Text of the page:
The darkness was absolute, but Liren could clearly smell the smoke and hear the crackling of the flames. He could feel the heat searing his skin but could find no source of the blaze. He pushed through darkness and called out, but there was no answer. After an eternity of wandering through the scorching blackness, he felt a presence and spun around. He instantly recognized the figure that stood before him as his friend Yacachu.
“Thank the ancestors you are here! But where is this place?” Liren implored, “Please tell me what is happening!”
But Yacachu said nothing. Liren looked into his eyes and saw a burning hatred unlike anything he had ever known. Yacachu turned and walked back into the darkness.
“Chief, wake up!”
Liren shot upright with a start gasping for breath and bumping his head on the low cabin celing. The startled boy took a quick step back and would have fallen entirely if the crew cabin had been large enough. “Sorry chief, Batea spotted the medusan and told me to get you. He says he spotted them off to the… sir, are you feeling alright?”
Liren was out of breath and covered in sweat. Liren always dislike the term Chief as it reminded him that he was old enough to be a village elder now. It is an honorific avoided along with it’s responsibilities in favor of the salt air and sea beasts. “I’m fine. It’s a hot night. I’ll be right there.” The boy nodded sheepishly and spun out the door and back to the deck. Liren cursed himself for being so out of sorts over a dream. At 62 years, he wasn’t that old. Yet. He got out of his hammock with a practiced ease and grabbed for his machete that was leaning against the wall. Ever since Yacachu taught him how to use it on a hunt years ago, he never went anywhere without it. Liren was present when Yacachu had been born some 30 years ago and he would never have guessed that squalling infant would grow into a young man who could effortlessly disarm him with a blade. If the ancestors had chosen to gift him with a child before his wife had fallen ill, he would have hoped that child would be like Yacachu.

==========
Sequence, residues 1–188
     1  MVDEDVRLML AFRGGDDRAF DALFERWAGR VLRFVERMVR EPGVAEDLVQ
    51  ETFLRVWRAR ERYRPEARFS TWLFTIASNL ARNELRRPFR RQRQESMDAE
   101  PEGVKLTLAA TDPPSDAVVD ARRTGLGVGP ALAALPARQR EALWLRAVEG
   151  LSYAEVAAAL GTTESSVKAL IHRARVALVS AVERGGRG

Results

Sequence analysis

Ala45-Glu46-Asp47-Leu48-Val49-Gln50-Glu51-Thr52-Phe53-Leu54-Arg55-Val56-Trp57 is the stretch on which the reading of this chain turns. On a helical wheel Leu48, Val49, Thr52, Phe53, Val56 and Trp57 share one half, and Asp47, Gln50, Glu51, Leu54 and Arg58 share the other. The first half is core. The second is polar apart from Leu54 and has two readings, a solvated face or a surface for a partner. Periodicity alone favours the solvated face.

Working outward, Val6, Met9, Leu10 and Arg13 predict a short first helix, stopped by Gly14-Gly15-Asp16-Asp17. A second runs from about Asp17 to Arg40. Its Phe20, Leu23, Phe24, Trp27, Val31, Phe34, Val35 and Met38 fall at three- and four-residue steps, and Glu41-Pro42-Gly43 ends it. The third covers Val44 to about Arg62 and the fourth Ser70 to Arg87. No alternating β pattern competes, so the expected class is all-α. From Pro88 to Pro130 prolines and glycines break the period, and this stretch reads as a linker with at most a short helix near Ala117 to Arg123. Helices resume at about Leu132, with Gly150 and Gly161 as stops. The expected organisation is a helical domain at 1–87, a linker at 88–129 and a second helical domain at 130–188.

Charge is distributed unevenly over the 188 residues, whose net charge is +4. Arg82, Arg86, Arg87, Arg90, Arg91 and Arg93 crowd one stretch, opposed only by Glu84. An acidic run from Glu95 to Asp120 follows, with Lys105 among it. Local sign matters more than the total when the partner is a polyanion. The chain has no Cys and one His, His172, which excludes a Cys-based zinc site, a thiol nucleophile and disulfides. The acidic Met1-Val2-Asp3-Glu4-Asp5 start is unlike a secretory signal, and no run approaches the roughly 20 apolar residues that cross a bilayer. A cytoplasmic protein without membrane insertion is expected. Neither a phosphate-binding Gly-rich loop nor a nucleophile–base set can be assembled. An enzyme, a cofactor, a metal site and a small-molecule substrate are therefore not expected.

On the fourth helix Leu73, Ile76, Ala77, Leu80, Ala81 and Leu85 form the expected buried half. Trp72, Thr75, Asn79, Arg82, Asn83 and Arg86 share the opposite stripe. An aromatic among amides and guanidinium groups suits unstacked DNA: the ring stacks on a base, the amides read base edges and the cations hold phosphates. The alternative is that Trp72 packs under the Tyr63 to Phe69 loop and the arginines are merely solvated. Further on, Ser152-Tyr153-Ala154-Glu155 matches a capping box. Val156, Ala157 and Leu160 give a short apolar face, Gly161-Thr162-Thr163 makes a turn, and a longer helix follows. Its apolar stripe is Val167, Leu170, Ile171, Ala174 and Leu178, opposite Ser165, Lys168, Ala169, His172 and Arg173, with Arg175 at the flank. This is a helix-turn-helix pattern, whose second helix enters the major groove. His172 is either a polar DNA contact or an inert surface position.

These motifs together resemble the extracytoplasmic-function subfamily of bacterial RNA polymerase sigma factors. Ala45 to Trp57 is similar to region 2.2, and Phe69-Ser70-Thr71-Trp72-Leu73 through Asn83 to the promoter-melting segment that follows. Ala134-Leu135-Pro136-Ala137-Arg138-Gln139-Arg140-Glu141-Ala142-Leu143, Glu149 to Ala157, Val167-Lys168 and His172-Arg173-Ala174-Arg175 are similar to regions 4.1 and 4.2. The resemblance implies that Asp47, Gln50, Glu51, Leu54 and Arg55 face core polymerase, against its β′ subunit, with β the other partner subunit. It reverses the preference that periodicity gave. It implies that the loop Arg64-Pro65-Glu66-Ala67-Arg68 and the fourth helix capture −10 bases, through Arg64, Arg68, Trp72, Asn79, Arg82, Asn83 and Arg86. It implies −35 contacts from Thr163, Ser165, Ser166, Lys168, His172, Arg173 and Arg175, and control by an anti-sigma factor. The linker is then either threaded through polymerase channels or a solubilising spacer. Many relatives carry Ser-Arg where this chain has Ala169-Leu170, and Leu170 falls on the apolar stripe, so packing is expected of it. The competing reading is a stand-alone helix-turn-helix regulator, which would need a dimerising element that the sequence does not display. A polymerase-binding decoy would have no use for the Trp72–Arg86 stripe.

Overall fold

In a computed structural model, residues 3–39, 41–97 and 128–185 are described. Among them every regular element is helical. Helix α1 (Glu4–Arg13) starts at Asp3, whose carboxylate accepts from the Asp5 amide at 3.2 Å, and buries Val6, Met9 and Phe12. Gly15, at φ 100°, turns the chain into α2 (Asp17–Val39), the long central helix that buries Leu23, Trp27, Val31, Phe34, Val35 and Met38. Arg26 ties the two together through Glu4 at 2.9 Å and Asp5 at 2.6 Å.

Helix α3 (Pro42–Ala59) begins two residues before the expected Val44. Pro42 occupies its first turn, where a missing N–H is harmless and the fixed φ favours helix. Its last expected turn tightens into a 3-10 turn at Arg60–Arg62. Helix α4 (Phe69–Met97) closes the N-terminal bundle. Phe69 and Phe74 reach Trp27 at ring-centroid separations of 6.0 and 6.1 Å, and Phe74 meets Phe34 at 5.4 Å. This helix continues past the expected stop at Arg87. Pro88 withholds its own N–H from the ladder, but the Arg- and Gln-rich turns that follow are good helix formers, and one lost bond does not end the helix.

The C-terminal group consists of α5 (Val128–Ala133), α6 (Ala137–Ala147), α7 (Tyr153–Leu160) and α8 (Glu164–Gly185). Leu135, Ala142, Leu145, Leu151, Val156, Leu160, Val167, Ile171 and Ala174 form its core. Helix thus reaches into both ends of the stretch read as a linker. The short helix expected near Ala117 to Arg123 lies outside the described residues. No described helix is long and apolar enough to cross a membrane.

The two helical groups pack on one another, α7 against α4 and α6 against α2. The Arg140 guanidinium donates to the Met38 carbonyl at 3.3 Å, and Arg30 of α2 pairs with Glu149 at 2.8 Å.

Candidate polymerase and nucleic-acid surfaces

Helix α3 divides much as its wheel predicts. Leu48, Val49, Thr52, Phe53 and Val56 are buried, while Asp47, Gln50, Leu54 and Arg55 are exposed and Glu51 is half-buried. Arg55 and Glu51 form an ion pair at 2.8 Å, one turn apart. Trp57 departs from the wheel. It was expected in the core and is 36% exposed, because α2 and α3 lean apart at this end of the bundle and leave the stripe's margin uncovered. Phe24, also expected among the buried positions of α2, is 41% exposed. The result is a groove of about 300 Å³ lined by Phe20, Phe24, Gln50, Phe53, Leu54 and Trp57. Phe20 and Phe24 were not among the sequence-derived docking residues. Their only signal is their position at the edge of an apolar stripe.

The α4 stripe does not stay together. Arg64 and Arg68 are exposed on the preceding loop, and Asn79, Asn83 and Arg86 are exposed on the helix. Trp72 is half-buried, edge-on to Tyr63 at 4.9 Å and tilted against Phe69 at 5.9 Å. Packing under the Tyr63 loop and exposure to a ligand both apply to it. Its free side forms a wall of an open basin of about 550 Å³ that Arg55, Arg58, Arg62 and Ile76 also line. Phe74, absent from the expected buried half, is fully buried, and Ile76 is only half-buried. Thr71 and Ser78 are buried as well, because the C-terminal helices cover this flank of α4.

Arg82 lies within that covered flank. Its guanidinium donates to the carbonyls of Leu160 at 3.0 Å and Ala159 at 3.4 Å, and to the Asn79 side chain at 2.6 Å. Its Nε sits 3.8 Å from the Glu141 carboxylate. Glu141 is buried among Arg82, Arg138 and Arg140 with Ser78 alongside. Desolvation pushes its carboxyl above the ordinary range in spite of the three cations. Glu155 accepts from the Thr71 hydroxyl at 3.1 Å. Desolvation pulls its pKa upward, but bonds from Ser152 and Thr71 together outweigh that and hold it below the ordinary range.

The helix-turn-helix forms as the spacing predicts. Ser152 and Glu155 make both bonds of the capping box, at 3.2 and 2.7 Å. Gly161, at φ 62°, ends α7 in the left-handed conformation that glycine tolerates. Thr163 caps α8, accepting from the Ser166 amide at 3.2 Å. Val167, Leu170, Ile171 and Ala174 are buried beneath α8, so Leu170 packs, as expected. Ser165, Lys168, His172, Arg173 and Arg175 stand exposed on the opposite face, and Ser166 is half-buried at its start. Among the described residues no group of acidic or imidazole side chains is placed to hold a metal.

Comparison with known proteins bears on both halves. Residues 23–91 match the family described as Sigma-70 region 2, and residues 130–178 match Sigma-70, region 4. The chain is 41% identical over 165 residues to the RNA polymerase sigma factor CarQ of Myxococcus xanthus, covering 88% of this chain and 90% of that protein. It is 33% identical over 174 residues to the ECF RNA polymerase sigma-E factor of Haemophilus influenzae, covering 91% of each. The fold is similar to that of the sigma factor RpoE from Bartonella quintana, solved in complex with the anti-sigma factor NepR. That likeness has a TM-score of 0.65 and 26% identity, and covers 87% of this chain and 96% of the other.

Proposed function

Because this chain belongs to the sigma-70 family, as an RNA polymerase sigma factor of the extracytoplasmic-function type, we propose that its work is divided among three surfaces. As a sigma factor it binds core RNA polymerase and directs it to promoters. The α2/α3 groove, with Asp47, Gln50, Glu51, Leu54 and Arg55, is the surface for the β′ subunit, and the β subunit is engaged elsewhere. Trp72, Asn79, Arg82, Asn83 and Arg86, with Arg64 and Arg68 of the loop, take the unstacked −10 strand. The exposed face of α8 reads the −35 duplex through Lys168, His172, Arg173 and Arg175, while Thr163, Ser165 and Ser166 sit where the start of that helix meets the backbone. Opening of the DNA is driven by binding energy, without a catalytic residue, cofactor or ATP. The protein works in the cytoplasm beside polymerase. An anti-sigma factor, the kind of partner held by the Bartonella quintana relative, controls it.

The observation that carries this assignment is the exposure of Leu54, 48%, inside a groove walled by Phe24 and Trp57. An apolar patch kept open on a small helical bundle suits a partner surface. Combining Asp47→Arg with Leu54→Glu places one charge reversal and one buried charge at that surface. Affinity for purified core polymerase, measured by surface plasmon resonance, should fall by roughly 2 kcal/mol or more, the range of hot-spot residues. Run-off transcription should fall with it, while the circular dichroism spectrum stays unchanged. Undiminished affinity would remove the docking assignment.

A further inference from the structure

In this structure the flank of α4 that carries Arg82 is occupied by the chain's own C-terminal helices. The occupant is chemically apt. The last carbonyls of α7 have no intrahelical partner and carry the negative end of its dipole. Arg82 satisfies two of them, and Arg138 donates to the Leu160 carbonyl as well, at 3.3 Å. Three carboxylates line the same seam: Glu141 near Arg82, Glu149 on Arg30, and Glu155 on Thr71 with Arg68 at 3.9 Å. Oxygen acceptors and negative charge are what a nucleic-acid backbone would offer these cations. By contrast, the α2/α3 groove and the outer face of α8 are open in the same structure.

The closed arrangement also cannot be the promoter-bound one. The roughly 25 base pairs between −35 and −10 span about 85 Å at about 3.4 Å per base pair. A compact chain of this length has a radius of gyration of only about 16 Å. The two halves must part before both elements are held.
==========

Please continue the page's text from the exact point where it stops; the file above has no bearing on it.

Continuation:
As his hand closed on the hilt he felt something cold and wet. He dropped the blade to the floor and swore again at himself. A tiny green frog hopped off to some unseen corner of the cabin. He grabbed the machete and stalked out into the cool night.
Batea was right, although it would be hardly possible to mistake trail of the medusan on this moonless night. In the distance Liren clearly saw a long green plume glowing under the gently rolling waves. The medusan were tiny jellyfish that glowed in the depths and were the favored prey of the hunter’s real target, the great Kaua.
As they drew closer to the luminescent band, the crew hurriedly made preparations for the hunt. Liren hardly had to speak a word as every member of the crew knew their role and they readied bait, furled the sails and gathered their weapons. The boy who woke him handed Liren his Harpoon and then stared with fraught brow into the depths below. “There she is, men.” said Liren softly and he pointed the harpoon at a subtle swirling of the lights in the depths. He was certain that down there the enormous Kaua was snatching jellies with it’s 10 long arms and feasting on them with its razor sharp beak. He was equally certain that before this night was through, they would be cleaning preserving the meat from the magnificent beast on this very deck. This was far from the first time they hunted the Kaua and Liren never returned to the village empty handed. It would take at least three days to get back the small fishing village of Ipani on the island of Boreqen. Three days across the vast Atebean Sea. The thought of returning home filled Liren with a curious dread.